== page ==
In the General Merchandise marketplace, the product description is a key component in influencing a shopper’s decision. Although full product descriptions are sometimes lengthy, it is important for manufacturers to ensure that retailers include the full description in their listings. Shoppers may be searching for a specific phrase or feature in a product description, and if it is not present then a sale may be lost.

In November 2016, the LEGO Minecraft The Fortress SKU was missing a product description on The Entertainer website. Similarly, the LG SH5 2 1CH 320W Wireless Subwoofer on the Argos website was missing a product description. The missing product descriptions for these products will inevitably impact upon sales – a shopper may be persuaded to purchase a competitor brand’s product which features a comprehensive description or they may visit another retailer’s website to view a full description for the product. Either way, the brand or retailer may lose a sale, due to the incomplete product content listed on the website.

Missing product descriptions:  LEGO Minecraft The Fortress on TheToyshop.com and LG Wireless Subwoofer on Argos.com, November 2016


How can product Representation be monitored?

In the Health & Beauty and Grocery industries product data is often delivered to retailers by data content providers such as Brandbank or Salsify. This content is shared with each of the main retailers; ensuring that content is correct is a crucial starting point in establishing whether your product is being described correctly and uniformly across the market.

It is important to monitor the content held by Brandbank, Salsify or any other third party brand content provider in parallel to online product descriptions.

It is common for mistakes to automatically feed through to retailers’ websites. For example, a brand content error meant that a Ferrero product was incorrectly described as “crispy water” rather than “crispy wafer” across Tesco, Sainsbury’s and Asda websites. Other third party content providers may be responsible for digitising your pack – monitoring the quality and accuracy of your pack content and labelling is important. Is the description still relevant and comprehensible without the supporting packaging/pack imagery?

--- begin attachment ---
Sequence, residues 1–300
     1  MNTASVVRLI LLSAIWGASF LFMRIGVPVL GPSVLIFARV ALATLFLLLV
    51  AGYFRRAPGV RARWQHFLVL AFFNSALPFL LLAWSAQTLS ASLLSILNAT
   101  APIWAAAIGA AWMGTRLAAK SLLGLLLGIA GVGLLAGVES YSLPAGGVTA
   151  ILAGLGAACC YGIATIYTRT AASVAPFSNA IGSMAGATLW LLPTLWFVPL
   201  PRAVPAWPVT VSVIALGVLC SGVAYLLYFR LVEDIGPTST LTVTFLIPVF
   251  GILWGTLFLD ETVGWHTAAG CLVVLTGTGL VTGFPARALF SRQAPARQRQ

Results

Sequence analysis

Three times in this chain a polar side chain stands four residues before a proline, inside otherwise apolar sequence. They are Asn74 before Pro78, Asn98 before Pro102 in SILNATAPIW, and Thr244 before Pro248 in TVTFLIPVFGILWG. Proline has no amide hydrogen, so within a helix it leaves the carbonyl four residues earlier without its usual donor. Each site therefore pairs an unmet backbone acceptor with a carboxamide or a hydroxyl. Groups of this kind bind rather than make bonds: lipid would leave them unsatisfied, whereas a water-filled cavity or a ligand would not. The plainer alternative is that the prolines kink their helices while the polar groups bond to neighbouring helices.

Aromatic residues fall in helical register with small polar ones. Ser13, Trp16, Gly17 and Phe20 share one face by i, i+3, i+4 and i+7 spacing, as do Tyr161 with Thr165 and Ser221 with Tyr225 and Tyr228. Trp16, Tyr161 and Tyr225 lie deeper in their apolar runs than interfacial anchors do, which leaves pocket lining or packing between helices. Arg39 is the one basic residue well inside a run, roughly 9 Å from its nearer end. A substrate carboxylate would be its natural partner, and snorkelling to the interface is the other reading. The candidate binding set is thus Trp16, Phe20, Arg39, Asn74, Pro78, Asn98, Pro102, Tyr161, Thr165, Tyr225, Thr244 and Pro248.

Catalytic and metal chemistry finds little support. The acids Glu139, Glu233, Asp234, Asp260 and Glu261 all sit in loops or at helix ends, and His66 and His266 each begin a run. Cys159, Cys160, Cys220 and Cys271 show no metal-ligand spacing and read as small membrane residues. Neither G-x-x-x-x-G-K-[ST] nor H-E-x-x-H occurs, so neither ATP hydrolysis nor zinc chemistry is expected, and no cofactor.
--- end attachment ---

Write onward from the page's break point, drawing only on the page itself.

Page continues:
Manufacturers must also be aware of the character limits retailers place on product names. For example, if a retailer can only display 42 characters and your product name exceeds that number then the retailer will either abbreviate some words or leave some out altogether.

Brands also need to understand how retailers update their product content. In our experience some retailers simply copy the product description from the new item form, however the form details may have been scoped and produced long before online product names and naming conventions were a consideration.

Some retailers use the images provided by third party content providers and rewrite product descriptions to ensure it meets their preferred language and style, and is SEO compliant in terms of their websites.

It is therefore important for manufacturers to check all relevant keywords and phrases are included in these product descriptions.

Quick wins – Representation

  • Police brand name, product name and key product information
  • Monitor your product content databases in conjunction with retailer websites
  • Ensure product name is compliant to retailers character limits
  • Work with retailers to include full product descriptions on all listings
  • Provide clear, consistent, and correct product imagery

To find out more about how optimising product content can directly impact upon Discoverability of products, and shopper Engagement, and in turn increase sales, download the Brand View Whitepaper for free today!